Heritage Foundation on Visa Waiver Program

August 24, 2010

At the Heritage Foundation Helle Dale has a piece on the US Visa Waiver Programme (VSP) as a public diplomacy tool.  The key point

The VWP has proven to be extremely beneficial by increasing the amount of international visitors to the U.S., a key element of promoting a positive image of America abroad.

As a result Dale advocates extending the number of countries eligible for the programme. Essentially the VWP means that you can travel to the US without applying for a visa in advance instead you  fill in a small form with your personal details and some simple questions on the plane.

As a UK citizen I can travel to the US under the VWP but in 2008 I spent a semester at George Washington University as a visiting fellow which required me to have visa.  US (or UK) visas require you to present yourself for interview (this isn’t true for all countries eg China allows you to do it by post).  It can take several weeks to schedule an interview.  In the UK this has to take place at the embassy in London after having submitted several forms and the necessary fee.  The interview requires you to go through security at the embassy which does give you a particular perspective on how the US sees the world.  With an invitation letter from GWU and a job and a mortgage to go back to in the UK the actual interview was straightforward.  What I didn’t appreciate was that by requiring a visa you come under a greater degree of scrutiny when you actually enter the US than if you are travelling under the VWP.  In the US you need to carry your documents at all times.  Also when I went to a conference in Amsterdam I had to get a letter from GWU certifying that I’d been turning up to teach my classes so I could get back into the US.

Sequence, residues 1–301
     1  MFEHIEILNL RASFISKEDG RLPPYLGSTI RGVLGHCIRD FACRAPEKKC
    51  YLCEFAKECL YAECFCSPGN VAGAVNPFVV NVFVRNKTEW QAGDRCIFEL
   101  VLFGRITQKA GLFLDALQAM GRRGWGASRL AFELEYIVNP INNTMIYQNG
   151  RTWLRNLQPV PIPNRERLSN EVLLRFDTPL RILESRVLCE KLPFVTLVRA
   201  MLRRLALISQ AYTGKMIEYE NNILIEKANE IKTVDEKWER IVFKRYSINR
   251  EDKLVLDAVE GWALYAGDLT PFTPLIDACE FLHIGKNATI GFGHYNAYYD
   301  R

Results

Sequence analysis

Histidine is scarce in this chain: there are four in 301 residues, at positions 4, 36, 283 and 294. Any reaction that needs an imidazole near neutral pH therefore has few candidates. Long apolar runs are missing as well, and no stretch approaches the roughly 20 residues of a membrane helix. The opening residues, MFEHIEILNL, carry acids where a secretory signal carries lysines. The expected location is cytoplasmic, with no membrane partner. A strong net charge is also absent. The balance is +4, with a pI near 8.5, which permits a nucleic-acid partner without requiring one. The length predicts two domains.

I thought that it’s worth sharing this experience becasue if you are used to travelling visa free it’s not obvious what the impact of rigorous (US and UK style ) visa programmes are both in terms of deterring travel and in making visitors feel like objects of suspicion.

The take away is that decisions about visa regimes need to take on board the PD dimension; given the domestic political sensitivity of questions about immigration I suspect that this rarely happens.


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